IN THE VAL­LEY

ONE BAROSSA LA­BEL IS BRING­ING TWO DIS­TINCT WINE WORLDS TO­GETHER.

The Australian - Wish Magazine - - DRINKING -

You could not find two wine re­gions more dif­fer­ent than Cham­pagne in north­ern France – his­toric home to the finest and most del­i­cate sparkling wines and dom­i­nated by lush, green vine­yards – and the Barossa Val­ley, whose sun­baked soils turn out bold and gen­er­ous red wine styles. But the two are brought to­gether by Brett Grocke and his Eper­osa win­ery. Named after both, it’s where the sub­tlety and re­straint of Eper­nay in Cham­pagne emerges in red wines with a truly Barossa heart that trace back al­most 200 years.

This is not a story of long-held vine­yards, raised by a fam­ily for decades; hand-tended vines, passed down through the years to a new gen­er­a­tion. It is more about a home­com­ing and a re­turn to the past – the Grocke fam­ily re­turn­ing to its roots of grape­grow­ing and vine­yard own­er­ship that started in the late 1800s.

Brett Grocke’s early mem­o­ries are teth­ered to Barossa roy­alty. Grow­ing up a stone’s throw from Moorooroo Park vine­yards, where rel­a­tive Sa­muel Nitschke had planted vine­yards al­most 200 years be­fore, he was also friends with Travis O’Cal­laghan, son of Robert O’Cal­laghan of Rock­ford Wines, which would later come in handy. “Robert knew me as a kid as I used to walk home with his son Travis and would of­ten spend an hour or so at their home wait­ing for my mum to pick me up. Travis and I of­ten watched Mon­key while drink­ing milk and eat­ing YoGos.” Yet, de­spite his long his­tory in this hal­lowed re­gion, young Grocke would have to build up his own legacy from scratch, the fam­ily’s vine­yard hold­ings hav­ing been sold off in the early 1990s.

Eper­osa be­gan in 2013 with Grocke’s first vine­yard pur­chase. After look­ing for over a decade, with a num­ber of dis­ap­point­ments, Grocke was more than happy with what he had found. The Mag­no­lia Rd prop­erty was, he says, “a wine­maker’s dream of old vine plant­ings”, with shi­raz vines from 1896, 1965, 1996 and 2010; semil­lon from 1941, 1971 and 1975; and gre­nache planted in 1950, to which he added gre­nache blanc.

And it was not long be­fore an­other op­por­tu­nity arose. “A few weeks after I bought the Mag­no­lia Rd vine­yard a Kron­dorf vine­yard came up for sale less than a kilo­me­tre from my orig­i­nal fam­ily home. I’d al­ways wanted to buy land back in the Kron­dorf vil­lage.” Money was tight but an old friend­ship would come in handy. Grocke went into part­ner­ship with Rock­ford wines to pur­chase the prop­erty, which had gre­nache plant­ings dat­ing back to 1903. He added mataro and five favourite clones of shi­raz, and built an un­der­ground, off-grid, so­lar-pow­ered win­ery. The in­fras­truc­ture was funded by his own viti­cul­tural con­sul­tancy, al­ready ser­vic­ing vine­yards around South Aus­tralia, although this has now been cut back to a bare min­i­mum as Eper­osa has grown.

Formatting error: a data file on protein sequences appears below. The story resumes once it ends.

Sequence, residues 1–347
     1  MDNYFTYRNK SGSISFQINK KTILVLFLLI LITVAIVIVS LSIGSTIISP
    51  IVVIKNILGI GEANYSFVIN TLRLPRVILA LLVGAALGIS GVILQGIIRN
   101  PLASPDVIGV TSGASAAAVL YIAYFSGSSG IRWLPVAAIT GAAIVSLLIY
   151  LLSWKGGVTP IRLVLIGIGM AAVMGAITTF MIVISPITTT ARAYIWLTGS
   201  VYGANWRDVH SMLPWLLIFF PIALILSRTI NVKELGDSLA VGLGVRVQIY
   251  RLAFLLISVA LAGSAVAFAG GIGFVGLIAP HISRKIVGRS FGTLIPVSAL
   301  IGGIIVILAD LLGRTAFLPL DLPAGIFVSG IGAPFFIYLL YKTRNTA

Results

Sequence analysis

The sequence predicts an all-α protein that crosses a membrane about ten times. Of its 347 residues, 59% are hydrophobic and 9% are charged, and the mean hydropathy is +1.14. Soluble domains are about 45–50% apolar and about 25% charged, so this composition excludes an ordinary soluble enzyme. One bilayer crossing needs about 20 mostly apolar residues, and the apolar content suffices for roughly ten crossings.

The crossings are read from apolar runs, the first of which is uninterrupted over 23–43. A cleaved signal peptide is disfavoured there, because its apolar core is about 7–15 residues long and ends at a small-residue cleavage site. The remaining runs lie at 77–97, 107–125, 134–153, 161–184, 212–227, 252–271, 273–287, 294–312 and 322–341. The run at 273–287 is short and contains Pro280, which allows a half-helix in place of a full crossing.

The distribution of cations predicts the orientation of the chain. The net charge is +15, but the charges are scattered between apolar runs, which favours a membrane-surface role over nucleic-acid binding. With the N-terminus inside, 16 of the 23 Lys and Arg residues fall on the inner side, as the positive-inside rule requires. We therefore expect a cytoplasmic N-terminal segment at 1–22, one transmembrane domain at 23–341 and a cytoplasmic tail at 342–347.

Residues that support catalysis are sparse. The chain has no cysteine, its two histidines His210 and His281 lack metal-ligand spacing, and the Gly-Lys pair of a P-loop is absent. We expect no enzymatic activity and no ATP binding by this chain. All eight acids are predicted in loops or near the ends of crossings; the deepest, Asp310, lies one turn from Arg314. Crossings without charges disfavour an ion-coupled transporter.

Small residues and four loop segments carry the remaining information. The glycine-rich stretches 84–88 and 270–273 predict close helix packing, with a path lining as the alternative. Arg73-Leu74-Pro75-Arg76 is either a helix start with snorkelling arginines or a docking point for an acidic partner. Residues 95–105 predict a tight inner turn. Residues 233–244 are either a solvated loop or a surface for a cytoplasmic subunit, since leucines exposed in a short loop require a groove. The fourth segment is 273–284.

The sus­tain­able win­ery and his own or­ganic viti­cul­tural philoso­phies fit neatly in the Barossan ex­pres­sion that is at the heart of Eper­osa – pow­er­ful and gen­er­ous wines but with a mea­sure of re­serve that are a re­jec­tion of the oaky, soupy, sump oil, black-as­night wines that were pop­u­lar a decade ago.

Min­i­mal ad­di­tions in the win­ery and no fin­ing or fil­tra­tion are just some of the ways that Grocke is look­ing to cre­ate the most hon­est Barossan ex­pres­sions. And pro­duc­tion is small, sourced al­most ex­clu­sively from the two vine­yards and pro­duc­ing at most 1000 cases per vin­tage.

With Grocke’s viti­cul­tural train­ing and ex­pe­ri­ence, though, it is no won­der he sees much of his work as be­ing in the vine­yard. “Viti­cul­ture is of ut­most im­por­tance and cru­cial to Eper­osa and its wines. I feel that I’m more of a farmer than a wine­maker.”

Tast­ing the Eper­osa range, the in­flu­ence of France’s Rhône Val­ley comes through quickly in their re­serve and savoury char­ac­ters as well as the va­ri­etal mix of shi­raz sup­ported by sig­nif­i­cant plant­ings of gre­nache, mataro and gre­nache blanc, which Grocke shows an un­com­mon in­ter­est in. Quite early in his ca­reer in 2003 Grocke was se­lected for a Barossa-Rhône ex­change and spent a month hosted by winer­ies through­out the re­gion with plenty of time in lo­cal vine­yards and cel­lars. “I prob­a­bly don’t give this the credit it’s due in shap­ing what I do now, but I think there’s a lot of al­most sub­con­scious di­rec­tion given from the ex­pe­ri­ences of that trip,” he says.

Yet while the out­side in­flu­ence is strong, these wines are still un­mis­tak­ably Barossa, with more than a touch of se­ri­ous sub­tlety and style.

W

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